The recent flood in Malaysia significantly impacted the lives of thousands. Find out what our youths think about the recent event and what they hope for the future.
Malaysia is well-known for being able to hold unity and a sense of camaraderie as a potpourri of ethnicities. In the waning fortnight of 2022, Malaysians have proved their intranational strength to be resilient once again through a well-funded effort to help victims struck by the flood disaster in December 2021.
One of the communities involved includes the Sikhs, notably from the Gurdwara Sahib in Petaling Jaya, who’ve distributed a significant amount of food, necessities, and other rescue efforts to the flood victims. Seeing the selfless community, thousands of people were then seen pouring into the gurdwara to offer assistance.
That’s not all, other rescue efforts organised by the people were also seen, many of which were mobilised via Twitter. MUDA (Malaysian United Democratic Alliance), a political party founded by an immensely popular youth politician, Syed Saddiq, also stood out in spearheading the rescue missions across states.
The flooding, caused by continuous heavy rain, arrived at an unprecedentedly large magnitude unforeseen by many Malaysians. Notoriously known as the Shah Alam floods, it displaced over 70,000 civilians and caused an estimated RM20 billion in property loss. Areas such as Selangor (Klang, Taman Sri Muda), Negeri Sembilan (Seremban), Kelantan, and various other places faced heavy losses. Being in the midst of the pandemic, flood efforts were especially difficult due to the containment procedures.
In retrospect, the Malaysian government also faced heavy criticism due to an apparent show of apathy towards the flood. Malaysians claimed there was no warning given by the authorities and rescue efforts were delayed, not to mention the refusal of the Dewan Rakyat speaker to allow discussion about the flood in parliament. This resulted in precious time wasted to help the victims.
Through the chaos, MUDA members, particularly figurehead and president, Syed Saddiq, have been seen doing various tasks to aid flood victims. Most famously, a fundraiser aimed to reach a million ringgit for the flood victims had hit twice the target as of 28 December 2021. MUDA members are also known to have escorted flood victims with vehicles to safe zones, cleaned up retreating areas, and donated monetarily and with collected goods.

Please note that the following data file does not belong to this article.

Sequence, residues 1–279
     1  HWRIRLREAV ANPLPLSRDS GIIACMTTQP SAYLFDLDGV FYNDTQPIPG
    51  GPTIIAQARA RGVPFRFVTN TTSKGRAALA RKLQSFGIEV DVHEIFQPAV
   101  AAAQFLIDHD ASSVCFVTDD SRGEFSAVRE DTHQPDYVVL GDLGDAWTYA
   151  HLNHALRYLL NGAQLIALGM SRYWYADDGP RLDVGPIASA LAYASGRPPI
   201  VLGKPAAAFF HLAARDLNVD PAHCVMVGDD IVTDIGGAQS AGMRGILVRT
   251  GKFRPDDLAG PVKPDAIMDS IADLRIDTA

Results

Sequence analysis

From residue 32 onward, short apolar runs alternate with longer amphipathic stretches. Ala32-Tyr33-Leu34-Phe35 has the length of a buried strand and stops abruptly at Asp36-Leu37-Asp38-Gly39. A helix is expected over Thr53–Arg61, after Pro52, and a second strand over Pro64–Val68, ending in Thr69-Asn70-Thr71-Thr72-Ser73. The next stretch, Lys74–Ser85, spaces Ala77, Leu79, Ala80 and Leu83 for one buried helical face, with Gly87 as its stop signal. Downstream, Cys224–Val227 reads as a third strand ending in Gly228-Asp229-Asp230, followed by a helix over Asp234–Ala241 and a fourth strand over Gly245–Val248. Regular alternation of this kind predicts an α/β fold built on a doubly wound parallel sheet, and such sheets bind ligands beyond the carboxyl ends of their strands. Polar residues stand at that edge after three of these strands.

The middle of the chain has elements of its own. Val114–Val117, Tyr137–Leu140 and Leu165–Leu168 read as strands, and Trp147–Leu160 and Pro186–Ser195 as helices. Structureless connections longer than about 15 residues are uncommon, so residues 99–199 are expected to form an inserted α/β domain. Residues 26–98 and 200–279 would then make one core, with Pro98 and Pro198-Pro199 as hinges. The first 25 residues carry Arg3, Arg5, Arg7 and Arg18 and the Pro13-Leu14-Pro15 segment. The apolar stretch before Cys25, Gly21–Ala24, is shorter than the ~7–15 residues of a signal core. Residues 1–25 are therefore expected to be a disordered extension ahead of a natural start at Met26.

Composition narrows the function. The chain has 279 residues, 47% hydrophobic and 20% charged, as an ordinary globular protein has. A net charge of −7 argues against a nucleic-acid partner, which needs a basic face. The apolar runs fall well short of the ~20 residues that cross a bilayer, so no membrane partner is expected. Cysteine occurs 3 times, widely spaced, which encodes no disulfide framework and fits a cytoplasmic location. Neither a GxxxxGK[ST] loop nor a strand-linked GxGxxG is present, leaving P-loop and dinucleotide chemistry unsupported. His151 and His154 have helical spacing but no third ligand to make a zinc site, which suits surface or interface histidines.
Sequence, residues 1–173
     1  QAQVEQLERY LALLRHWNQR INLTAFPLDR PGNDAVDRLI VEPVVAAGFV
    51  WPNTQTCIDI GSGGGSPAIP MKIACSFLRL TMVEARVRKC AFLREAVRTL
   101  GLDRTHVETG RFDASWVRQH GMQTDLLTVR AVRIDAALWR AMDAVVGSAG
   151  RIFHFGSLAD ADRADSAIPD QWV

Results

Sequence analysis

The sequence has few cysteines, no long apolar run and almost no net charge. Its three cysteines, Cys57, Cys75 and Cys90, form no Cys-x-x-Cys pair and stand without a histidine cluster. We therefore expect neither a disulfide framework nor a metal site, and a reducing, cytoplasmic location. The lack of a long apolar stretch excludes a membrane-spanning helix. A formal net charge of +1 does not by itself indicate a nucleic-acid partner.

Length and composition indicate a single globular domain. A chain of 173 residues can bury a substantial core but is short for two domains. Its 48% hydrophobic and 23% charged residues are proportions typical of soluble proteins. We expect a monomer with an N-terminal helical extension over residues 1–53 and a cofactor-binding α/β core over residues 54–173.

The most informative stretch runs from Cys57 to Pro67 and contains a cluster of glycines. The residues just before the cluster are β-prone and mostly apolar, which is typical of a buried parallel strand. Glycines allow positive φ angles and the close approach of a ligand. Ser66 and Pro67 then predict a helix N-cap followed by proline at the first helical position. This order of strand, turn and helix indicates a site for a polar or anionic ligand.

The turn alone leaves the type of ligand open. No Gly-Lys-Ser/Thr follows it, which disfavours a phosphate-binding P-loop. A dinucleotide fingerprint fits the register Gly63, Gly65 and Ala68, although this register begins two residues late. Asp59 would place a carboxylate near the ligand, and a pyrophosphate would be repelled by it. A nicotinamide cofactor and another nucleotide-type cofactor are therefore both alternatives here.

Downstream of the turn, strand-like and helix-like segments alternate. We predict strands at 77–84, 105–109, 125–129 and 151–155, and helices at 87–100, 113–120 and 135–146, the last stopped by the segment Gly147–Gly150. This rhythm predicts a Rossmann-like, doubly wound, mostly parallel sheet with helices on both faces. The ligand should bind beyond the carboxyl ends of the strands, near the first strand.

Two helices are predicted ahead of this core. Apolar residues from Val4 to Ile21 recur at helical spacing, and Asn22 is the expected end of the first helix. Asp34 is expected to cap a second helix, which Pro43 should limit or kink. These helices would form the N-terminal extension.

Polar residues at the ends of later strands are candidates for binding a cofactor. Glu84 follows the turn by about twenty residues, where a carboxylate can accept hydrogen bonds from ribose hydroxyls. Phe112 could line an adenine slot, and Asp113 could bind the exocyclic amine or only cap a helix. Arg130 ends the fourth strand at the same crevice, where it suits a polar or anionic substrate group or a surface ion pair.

For opinions, I interviewed several youths on their opinions regarding the flood efforts and how this scenario shaped the perspective of their future, intending to bring light to opinions of the government and opinions of the future.
From my findings, none were optimistic about the Malaysian government’s attitude towards the flood and the consensus shows disappointment in the handling of the issue. A flood victim exclaimed to me “No, we didn’t hear any one of the 16 alarms that were mentioned in the news.”
Despite dissatisfaction, the youths I spoke to agreed that the outrage against the government was excessive due to exaggerations online. Taylor’s Lakeside Rotaract Club president, Jonathan Jeremiah, took note that the government was still capable of enforcing some procedures to prevent the virus. “On the bright side, they’ve contributed in small amounts throughout though there’s definitely a need to improve more in time to come.”
In stark contrast to their governing counterparts, MUDA has been praised widely for their initiative to help the victims. They’ve been known to be strategic with their efforts and gave necessary help to the affected zones on time, likened to charitable organisations such as Tzu Chi (慈济). From my interviews, many have faith in MUDA for the upcoming election, citing the party’s efforts sparked faith amongst the rakyat for young leaders. “MUDA has been transparent in all their involvement. They’ve also spread out and allowed anyone to lend a hand in the flood. This shows trust and builds a sense of hope in MUDA as leaders of tomorrow,” Jonathan added.
Personally, I perceive that this flood is living proof that Malaysians are sympathetic to their fellow countrymen and will go out of their way, reaching out through numerous sources to help those in need. Malaysian youths should now discover the stimulus to grow an interest in the political scheme of Malaysia, which has disillusioned many due to un-democratic changes.
As a matter of fact, since the youth are able to vote, a surge in support for a younger batch of politicians will come. Through the floods, the party has shown itself to be a role model not only for the average Malaysian youth but also gave faith to future young politicians. Malaysians may even meet a change to a younger parliament in future. According to Ali Moosajee, a Taylorian and an international student who was also involved in collecting power banks for flood victims, a new Malaysia can be made under the youth leaders if we stand with them. “MUDA could very well be in the government if Malaysians stand by them, particularly the youth who can now vote.”
Image: A screenshot of Syed Saddiq presenting the donation collected for MUDA on IG Live.
Conclusively, I believe that this flood is a solid show of mindset that Malaysia is ready for new and fresh national leaders to champion the people. Malaysians ultimately need leaders who can ensure their safety and propel them forward economically. Though the flood caused tragic life and property losses, people must look beyond this issue and recognise a turning point in Malaysia for the years to come.
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